NORTHEAST FORSYTH — A Lake Lanier park operated by the U.S. Army Corps of Engineers in northeastern Forsyth County has been closed for improvements, but nearby residents feel they were not properly notified of the makeover and are hoping the plan can be altered some.
Since work began in mid-December at Two Mile Creek Park, off Bethel Road, several meetings have taken place between the corps and neighbors.
“The day we found out they were doing all this was the day the closed the park down,” said resident Ben Taylor. “That was what the residents were most upset about, I think.”
While the project was announced in December, it had been in development for much longer, according to Lisa Parker, a spokeswoman for the corps’ Mobile, Ala., district.
“It’s my understanding that a press release went out in December, and that’s probably why they didn’t see it, because of the holidays,” she said. “There’s been talk about this for many, many months.”
In mid-January, corps official met with residents to discuss the park upgrade. Last week, the agency held a walk through with neighbors.
Parker acknowledged safety is a concern for some.
“Anytime we propose to go in and build a park or put more amenities in a park, the residents that have always treated it as their own park — because the public wasn’t aware of it or it didn’t have more amenities to attract more people — have more concerns about security and safety and things like that,” she said.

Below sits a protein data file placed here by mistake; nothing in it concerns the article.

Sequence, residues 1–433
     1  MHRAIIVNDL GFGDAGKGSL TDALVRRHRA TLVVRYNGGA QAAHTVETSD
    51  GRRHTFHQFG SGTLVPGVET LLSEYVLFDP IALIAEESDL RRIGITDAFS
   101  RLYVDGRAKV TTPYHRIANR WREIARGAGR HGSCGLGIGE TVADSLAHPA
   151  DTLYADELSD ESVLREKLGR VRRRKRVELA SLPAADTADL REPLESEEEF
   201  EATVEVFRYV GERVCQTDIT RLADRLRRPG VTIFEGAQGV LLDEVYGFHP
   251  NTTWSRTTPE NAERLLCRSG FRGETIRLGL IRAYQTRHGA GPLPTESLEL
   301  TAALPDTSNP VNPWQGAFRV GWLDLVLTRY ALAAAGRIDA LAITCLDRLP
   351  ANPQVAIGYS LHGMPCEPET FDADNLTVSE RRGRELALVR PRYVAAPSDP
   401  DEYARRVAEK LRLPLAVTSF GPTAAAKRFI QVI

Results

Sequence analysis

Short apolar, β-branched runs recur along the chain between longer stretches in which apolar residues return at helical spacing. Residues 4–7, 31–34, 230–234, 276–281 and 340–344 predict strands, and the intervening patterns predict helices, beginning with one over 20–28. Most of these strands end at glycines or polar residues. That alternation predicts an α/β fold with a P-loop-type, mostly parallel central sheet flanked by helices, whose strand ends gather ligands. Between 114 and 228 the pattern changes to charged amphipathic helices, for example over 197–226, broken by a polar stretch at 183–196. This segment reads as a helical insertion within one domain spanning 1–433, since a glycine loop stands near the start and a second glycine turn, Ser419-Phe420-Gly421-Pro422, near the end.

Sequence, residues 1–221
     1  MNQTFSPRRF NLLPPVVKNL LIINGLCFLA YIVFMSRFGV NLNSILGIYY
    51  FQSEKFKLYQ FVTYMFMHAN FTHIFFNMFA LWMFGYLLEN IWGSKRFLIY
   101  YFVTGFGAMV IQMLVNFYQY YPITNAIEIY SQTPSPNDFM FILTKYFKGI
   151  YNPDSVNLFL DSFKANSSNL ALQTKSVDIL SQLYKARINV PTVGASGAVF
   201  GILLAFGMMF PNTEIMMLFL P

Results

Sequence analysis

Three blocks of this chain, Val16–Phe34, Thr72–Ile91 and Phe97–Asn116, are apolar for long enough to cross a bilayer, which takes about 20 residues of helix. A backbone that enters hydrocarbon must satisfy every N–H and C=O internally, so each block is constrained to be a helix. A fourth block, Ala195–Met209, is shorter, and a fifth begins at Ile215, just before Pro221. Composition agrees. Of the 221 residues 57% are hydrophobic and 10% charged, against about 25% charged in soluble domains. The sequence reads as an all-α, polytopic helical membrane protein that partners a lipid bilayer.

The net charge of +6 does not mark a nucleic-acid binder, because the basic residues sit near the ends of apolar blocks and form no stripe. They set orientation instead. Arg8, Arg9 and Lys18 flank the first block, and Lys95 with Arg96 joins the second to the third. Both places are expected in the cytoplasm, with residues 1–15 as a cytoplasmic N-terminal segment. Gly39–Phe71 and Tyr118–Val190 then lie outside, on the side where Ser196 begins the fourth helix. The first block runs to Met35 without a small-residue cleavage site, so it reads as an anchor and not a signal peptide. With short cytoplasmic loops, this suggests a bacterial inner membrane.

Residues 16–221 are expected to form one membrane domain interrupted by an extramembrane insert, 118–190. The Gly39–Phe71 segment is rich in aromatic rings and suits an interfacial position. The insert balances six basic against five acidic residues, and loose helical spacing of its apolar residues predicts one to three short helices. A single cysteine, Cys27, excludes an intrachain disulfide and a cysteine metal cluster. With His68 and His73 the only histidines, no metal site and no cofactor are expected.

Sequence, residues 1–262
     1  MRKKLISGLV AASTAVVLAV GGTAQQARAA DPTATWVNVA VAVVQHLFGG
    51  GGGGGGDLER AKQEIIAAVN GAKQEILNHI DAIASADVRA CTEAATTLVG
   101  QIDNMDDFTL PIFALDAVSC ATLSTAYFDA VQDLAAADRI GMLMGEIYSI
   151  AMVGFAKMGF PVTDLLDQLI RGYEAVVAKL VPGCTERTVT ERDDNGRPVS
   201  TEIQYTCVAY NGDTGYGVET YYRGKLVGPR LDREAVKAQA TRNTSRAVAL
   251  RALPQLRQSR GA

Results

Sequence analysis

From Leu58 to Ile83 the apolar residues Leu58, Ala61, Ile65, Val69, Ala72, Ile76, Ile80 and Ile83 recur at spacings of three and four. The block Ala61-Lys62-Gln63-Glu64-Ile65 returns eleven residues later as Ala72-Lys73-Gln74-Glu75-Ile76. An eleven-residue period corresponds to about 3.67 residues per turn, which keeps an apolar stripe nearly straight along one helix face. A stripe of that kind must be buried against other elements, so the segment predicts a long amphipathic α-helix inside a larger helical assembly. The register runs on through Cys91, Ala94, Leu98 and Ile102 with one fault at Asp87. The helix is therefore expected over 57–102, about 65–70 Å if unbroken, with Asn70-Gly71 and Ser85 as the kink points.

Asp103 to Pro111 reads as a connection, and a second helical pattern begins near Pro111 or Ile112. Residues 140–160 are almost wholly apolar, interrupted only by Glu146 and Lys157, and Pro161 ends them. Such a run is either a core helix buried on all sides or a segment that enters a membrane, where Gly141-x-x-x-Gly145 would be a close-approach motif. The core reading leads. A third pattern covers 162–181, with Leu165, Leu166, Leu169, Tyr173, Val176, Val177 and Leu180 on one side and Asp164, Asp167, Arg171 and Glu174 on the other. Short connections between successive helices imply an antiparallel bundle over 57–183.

Parker added that the closure, which is expected to last four months, will allow for the addition of several new amenities.
“We are going to go in and put in a half million dollars of improvements on that park,” Parker said. “There’s also going to be a gated attendant once the park has completely been built. There’s also going to be a pavilion and a beach and quarter-mile nature trail.”
Taylor operates www.bethelroadcommunities.com, a website that provides updates on the project and details concerns. He said residents would like to have some say in what happens to the park.
“We obviously know that we’re not going to get it changed drastically,” Taylor said. “I think one of the things that the residents really want more than anything is to reduce the amount of concrete and the amount of trees going down. Then also, there’s this idea of a bridge [across a cove] being discussed.
“[Discussions] would be in an effort to [nix] the part of the project that was a walking trail that was coming within 5 or so feet of people’s property line.”